around and around and around. So when we're trapped by our karma we experience life as kind of mostly irritating, you know. Something's missing, something's off, something's not out of round. Dukkha, the word for suffering in Buddhism, means out of round. Of course this can be big out of round too, terrible anguish, terrible sorrow, we all know. So basically all of the practices in the Buddhist tradition are designed to help us to escape from the trap of samsara and to find freedom, which is why it's so important that we find ways to help our children before things get too solid. They're still pretty fluid, even though we don't like that so much, you know, they're still moving around.


So, in the Buddhist tradition I would say that the work of maturing beings is the primary work and the way we mature beings is by helping to lift the veil of ignorance, which is the primary force driving this wheel, this spinning wheel of samsara. Ignorance and the desire for things to be other than they are, not an uncommon sentiment. And that's what causes this disease or this discomfort for us. So when we lift the veil and see how things work, we can relax a little bit, like, oh, oh that again, oh this again, oh them again, have some tea, you know, not so bad. I remember being really drawn to a phrase in Buddhism that went like this, to patiently abide with the continuous arising of non-existent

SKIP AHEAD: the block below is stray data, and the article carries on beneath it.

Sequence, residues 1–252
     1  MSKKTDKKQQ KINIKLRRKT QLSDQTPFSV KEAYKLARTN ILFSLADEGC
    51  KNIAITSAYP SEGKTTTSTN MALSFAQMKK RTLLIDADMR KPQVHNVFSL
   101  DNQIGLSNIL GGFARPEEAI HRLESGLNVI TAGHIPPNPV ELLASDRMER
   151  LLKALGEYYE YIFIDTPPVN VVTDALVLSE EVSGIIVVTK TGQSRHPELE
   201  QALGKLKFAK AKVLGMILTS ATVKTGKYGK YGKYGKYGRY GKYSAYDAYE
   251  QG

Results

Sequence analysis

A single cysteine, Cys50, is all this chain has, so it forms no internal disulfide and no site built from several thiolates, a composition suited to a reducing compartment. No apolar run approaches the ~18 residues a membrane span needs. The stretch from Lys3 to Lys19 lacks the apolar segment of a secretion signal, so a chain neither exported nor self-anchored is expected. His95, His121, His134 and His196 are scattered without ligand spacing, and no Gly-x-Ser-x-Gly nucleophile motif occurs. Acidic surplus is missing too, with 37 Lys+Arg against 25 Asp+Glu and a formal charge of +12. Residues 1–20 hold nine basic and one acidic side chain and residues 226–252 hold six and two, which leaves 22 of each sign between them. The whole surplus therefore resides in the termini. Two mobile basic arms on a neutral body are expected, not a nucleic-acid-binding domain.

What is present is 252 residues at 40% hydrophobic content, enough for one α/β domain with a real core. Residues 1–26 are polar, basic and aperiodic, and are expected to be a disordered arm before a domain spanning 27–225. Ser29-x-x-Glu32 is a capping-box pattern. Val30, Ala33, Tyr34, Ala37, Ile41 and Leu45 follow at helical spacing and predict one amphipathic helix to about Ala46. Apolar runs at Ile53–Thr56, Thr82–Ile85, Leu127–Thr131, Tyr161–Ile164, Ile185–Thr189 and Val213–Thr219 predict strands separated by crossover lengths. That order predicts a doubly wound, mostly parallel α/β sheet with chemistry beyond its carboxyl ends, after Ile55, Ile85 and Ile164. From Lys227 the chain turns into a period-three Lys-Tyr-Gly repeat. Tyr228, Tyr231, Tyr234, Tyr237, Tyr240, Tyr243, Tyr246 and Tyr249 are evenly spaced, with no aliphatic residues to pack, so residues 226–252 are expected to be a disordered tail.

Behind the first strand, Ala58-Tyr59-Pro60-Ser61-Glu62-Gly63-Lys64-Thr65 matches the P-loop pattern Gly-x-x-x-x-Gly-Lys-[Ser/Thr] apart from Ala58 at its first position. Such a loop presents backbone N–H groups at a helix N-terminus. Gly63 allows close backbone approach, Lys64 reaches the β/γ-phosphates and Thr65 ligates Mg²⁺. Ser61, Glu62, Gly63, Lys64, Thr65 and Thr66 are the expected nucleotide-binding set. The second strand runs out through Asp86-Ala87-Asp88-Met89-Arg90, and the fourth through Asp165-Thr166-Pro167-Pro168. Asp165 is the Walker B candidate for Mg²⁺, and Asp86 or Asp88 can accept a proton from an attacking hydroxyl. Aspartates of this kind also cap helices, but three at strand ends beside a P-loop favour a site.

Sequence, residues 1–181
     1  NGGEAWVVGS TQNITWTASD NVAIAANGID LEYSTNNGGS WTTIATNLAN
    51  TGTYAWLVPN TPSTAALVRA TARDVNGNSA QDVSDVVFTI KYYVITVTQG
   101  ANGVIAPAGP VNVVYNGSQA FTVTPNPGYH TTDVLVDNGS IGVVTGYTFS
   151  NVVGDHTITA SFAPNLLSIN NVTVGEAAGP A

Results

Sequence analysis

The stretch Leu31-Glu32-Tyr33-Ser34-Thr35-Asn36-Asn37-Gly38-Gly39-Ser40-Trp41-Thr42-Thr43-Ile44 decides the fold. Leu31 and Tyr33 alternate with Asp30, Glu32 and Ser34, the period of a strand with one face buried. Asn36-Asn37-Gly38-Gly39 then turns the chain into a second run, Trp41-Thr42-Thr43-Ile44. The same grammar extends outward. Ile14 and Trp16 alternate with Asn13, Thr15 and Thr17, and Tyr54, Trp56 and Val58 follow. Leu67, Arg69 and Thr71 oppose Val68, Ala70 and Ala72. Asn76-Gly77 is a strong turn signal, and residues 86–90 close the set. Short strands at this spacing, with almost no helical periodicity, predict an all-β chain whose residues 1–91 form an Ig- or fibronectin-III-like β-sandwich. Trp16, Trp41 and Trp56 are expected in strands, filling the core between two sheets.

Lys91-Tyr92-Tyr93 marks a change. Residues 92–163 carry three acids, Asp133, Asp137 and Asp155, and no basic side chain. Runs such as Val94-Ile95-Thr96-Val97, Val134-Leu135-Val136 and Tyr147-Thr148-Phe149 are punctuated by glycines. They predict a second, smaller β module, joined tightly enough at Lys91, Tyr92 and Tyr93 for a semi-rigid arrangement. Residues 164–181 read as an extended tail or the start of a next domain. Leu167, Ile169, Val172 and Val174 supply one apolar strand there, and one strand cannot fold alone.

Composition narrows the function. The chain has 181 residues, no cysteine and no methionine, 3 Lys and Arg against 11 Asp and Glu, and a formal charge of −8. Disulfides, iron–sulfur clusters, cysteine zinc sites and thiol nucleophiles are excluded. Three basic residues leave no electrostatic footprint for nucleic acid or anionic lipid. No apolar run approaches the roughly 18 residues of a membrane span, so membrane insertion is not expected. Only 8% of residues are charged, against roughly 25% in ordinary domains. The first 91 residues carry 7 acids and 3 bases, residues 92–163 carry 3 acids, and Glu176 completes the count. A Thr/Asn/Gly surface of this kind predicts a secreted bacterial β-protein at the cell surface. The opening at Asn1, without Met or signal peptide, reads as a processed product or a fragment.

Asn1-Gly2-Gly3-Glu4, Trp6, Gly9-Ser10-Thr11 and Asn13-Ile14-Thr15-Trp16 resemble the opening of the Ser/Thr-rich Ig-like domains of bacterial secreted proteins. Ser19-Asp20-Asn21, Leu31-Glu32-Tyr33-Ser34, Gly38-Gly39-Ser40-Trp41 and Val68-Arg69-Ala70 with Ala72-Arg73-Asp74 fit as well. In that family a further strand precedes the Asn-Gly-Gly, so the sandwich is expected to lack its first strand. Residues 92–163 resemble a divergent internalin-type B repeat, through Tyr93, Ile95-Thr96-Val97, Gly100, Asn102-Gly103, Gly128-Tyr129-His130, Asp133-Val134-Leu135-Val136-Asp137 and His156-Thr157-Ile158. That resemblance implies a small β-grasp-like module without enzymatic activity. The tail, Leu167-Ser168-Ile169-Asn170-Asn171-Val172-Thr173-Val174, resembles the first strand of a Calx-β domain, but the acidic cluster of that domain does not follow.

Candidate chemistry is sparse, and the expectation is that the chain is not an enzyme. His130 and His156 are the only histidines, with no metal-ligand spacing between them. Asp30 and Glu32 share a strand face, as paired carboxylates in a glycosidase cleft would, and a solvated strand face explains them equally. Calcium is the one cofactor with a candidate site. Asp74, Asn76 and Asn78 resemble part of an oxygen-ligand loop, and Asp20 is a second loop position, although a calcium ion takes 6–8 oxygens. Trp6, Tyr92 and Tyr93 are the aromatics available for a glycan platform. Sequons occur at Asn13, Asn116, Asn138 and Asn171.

phenomena. Patient abiding in the continuous arising of non-existent phenomena. So, in Buddhism, the decision to make good choices, to make good karmic choices, to behave well, is highly regarded. And people who make good choices are called sons and daughters of good family. So in many of the sutras, the Buddha begins by addressing the congregation as sons and daughters of good family. Isn't that a wonderful thing? That's who we are, sons and daughters of good family. So I've been trying to learn how to raise my child in the best possible way, and I was forewarned some years back by what I consider a reliable